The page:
Mexican director and screenwriter Michelle Garza Cervera remembers as a little girl hearing stories about her grandmother – a woman she never met, but someone who had gained a kind of notorious status among family members over the years.
After her mother died, Cervera began asking “uncomfortable questions about the fear” that had been instilled in her at a young age about her grandmother. She wanted to know more about this woman who had grown into this “very evil kind of image” and start piecing together parts of her family history.
“Whenever I would bring up my grandmother, it would always be like, ‘Don’t ask about her. She was a bad person. We don’t speak about her,’” Cervera told Remezcla during a recent interview to talk about her directorial debut, Huesera: The Bone Woman. “I only knew that she left when my father was little, but those stories were very complex. Her name was always hidden – always in silence.”
When Cervera began writing the script for Huesera, she wanted to explore the connection between herself – a woman in her 30s who does not have children – and her grandmother. She was inspired by the idea of how “social expectations can be very terrifying” and the fact that her grandmother made a decision as a Mexican woman in the 1940s that would ultimately “erase her from existence.” Cervera believed that the best way to tell that narrative was as a supernatural horror film.
“I felt like there was a lot to inspect in those themes,” she said. “Horror was the perfect genre to do an exploration of this kind of character.”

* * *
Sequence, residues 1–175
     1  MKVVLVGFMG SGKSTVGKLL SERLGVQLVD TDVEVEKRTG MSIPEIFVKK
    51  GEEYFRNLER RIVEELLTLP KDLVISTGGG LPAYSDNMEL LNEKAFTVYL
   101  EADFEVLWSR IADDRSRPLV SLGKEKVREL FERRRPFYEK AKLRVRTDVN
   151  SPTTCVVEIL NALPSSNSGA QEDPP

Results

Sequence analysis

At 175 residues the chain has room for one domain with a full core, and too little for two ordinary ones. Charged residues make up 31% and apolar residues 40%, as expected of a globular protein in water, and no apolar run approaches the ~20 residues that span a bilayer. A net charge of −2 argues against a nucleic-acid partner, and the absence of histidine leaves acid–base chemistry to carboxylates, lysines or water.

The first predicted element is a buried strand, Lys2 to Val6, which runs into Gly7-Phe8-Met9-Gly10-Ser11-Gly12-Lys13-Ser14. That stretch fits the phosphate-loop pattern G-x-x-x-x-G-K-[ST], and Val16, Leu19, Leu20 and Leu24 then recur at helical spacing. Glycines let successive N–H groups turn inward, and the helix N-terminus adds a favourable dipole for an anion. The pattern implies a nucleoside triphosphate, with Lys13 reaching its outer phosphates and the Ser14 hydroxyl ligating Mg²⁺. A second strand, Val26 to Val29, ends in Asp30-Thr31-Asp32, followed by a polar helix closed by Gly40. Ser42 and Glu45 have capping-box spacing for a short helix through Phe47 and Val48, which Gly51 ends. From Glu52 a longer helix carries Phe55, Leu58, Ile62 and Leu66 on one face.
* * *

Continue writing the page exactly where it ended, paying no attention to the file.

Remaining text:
Huesera tells the story of Valeria (Natalia Solián), a young woman expecting her first child who becomes cursed by a sinister entity. Struggling with the idea of becoming a mother, Valeria finds herself overcome with dread and seeks out a way to ease her despair as her pregnancy looms. As with other high-concept horror films like 1968’s Rosemary’s Baby and 2014’s The Babadook, Cervera took themes of motherhood and bodily autonomy and crafted them into a terrifying cinematic experience.
“It’s important to give light to these stories,” Cervera said. “I feel like it’s liberating and cathartic and necessary for families to discuss those classic concepts like the black sheep of the family. There’s nothing wrong with talking about them. We shouldn’t hide them.”
While there will always be a place in the horror genre for slasher flicks and mainstream monster movies, Cervera said she’s pleased that filmmakers are expanding on the perceptions of what a horror film can be. With modern directors like Ari Aster, Jennifer Kent, Robert Eggers, and Jordan Peele and those that came before them like John Carpenter, she celebrates how horror continues to evolve as an art form.
“There’s always been this core to horror films that have a very insightful message about the human condition,” she said. “That’s really my style. I like a film to feel more contained. I like to build more from the silence and focus on what is out of frame than what is inside. That construct of cinema is what I’m interested in the most.”
Huesera: The Bone Woman is available now on VOD.